Part of aging is coming to terms with out past. For those who believe in reincarnation or channeling, I have no idea how you cope with past lives that are completed as well as past events along the timeline of your current life. I have enough trouble dealing with all the mistakes I made earlier, the corrections I’ve made–or tried to–and all the daily unexpected problems that come up on day-to-day basis. But whether you choose to follow this blog, disconnect from it, add it to your list of blogs to watch, or whatever, there will be times that happy things are posted–things shared by others, things that have added a positive touch to my own day, articles that I come across that may have meaning to post-Boomers or those trying to understand older people. Most of the time you will find a well-edited blog–one with all the errors fixed before publication–or a post that was edited after the fact because I simply missed something as I typed or read through the preview (where I catch more errors than through the normal writing window). Other times, I will write a streamof-consciousness post and simply leave it unedited, as I am doing with yesterday’s post.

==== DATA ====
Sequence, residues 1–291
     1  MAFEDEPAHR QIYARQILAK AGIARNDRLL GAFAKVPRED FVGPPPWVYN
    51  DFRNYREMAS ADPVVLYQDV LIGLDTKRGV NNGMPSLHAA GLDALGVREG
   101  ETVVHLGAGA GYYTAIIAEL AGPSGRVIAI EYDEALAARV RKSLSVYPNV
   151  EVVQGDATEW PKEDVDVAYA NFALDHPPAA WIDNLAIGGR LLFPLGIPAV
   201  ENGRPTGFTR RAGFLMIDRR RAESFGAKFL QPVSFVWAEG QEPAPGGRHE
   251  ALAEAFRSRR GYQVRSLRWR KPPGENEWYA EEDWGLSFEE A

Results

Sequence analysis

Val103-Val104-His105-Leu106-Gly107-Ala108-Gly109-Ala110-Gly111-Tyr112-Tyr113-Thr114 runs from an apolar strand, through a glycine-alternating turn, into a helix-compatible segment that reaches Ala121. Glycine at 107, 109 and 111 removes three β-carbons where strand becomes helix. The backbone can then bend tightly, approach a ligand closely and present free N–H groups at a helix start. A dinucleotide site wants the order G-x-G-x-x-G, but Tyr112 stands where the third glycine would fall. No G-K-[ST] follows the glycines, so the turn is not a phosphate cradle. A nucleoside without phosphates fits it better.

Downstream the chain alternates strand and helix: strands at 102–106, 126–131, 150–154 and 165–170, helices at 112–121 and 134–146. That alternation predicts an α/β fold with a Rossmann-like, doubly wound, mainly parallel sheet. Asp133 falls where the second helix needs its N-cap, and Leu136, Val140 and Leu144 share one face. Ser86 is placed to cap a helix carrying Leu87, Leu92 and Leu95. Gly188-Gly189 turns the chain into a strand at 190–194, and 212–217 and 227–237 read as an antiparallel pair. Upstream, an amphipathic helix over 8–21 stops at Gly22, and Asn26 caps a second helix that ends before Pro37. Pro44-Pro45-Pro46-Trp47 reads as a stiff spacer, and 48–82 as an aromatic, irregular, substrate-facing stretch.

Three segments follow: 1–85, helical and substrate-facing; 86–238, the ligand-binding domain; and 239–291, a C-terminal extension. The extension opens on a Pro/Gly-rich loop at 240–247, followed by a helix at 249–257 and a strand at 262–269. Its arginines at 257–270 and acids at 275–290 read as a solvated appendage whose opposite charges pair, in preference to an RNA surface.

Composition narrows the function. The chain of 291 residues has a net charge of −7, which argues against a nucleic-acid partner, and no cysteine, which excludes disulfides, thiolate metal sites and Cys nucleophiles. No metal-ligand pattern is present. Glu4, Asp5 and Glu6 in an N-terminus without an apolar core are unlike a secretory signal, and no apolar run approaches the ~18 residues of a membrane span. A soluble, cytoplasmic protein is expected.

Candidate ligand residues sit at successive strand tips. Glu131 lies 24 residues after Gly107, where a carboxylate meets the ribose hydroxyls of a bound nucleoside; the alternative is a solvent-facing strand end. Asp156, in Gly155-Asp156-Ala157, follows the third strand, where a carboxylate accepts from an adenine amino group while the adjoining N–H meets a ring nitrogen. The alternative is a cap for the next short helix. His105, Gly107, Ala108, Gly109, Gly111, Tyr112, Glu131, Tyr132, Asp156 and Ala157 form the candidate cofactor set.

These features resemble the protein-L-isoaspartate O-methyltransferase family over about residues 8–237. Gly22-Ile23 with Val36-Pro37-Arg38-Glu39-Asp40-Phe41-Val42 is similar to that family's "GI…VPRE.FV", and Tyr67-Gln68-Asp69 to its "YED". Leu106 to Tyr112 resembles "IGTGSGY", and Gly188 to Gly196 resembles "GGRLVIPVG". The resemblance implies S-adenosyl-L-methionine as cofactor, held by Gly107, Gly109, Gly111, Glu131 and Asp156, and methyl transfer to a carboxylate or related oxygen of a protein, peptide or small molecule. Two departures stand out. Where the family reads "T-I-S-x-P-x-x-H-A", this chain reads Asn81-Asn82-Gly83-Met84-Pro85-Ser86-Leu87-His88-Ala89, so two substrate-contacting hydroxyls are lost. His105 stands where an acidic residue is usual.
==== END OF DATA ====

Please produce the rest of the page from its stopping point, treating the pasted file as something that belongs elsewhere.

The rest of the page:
But know this about people over sixty: We are a force to be reckoned with. (Please don’t critique on ending a sentence with a preposition–the sentence as written says it better than if I re-write in good standard English.) We have lived through much, starting with families that may not have been perfect because of a parent who served in World War II or the Korean War or the Viet Nam War. We saw the hey-day of television as it evolved from all-live shows in black-and-white, Million Dollar Movie which played the same ancient movie for a week at a time, The Twilight Zone, and many other shows limited to maybe 6 or 7 (if we were lucky) stations; to color TV and then hi-def renderings that touch on problems that exist in society that we never learned about as youth. We were glued to TVs–or perhaps even present–for the peace marches for Negro (now African-American or Black) rights, the continuing movement toward equality for women, Woodstock, the first Mets World Series win, the changes that shook college campuses and changed many from single-sex places of learning to co-educational institutions. We were there for JFK’s assassination and funeral which took over television and radio to the exclusion of everything else for days. We witnessed the first US flights to the moon and the progress of technology from better vacuum cleaners and toasters to the microwave and the all-powerful personal computer and smart phones. We lived through changes unanticipated in previous generations in the US and around the world. We learned a lot. We understand a lot. We can, therefore, understand the problems that military personnel are coming home with from recent conflicts with enemies that play by different–and often unknown–rules. We understand the problems of our young military personnel because we have been there before, long before services were available for our returning soldiers–whether as fathers, husbands, brothers, sisters, mothers, nieces and nephews, and close friends. We fought hard to ensure appropriate medical and psychological services for all soldiers who needed them regardless of war or mere conflict. We are here to help assure services for today’s returnees even as the Congress cuts funds and spending for their care and rebuilding–psychologically or physiologically.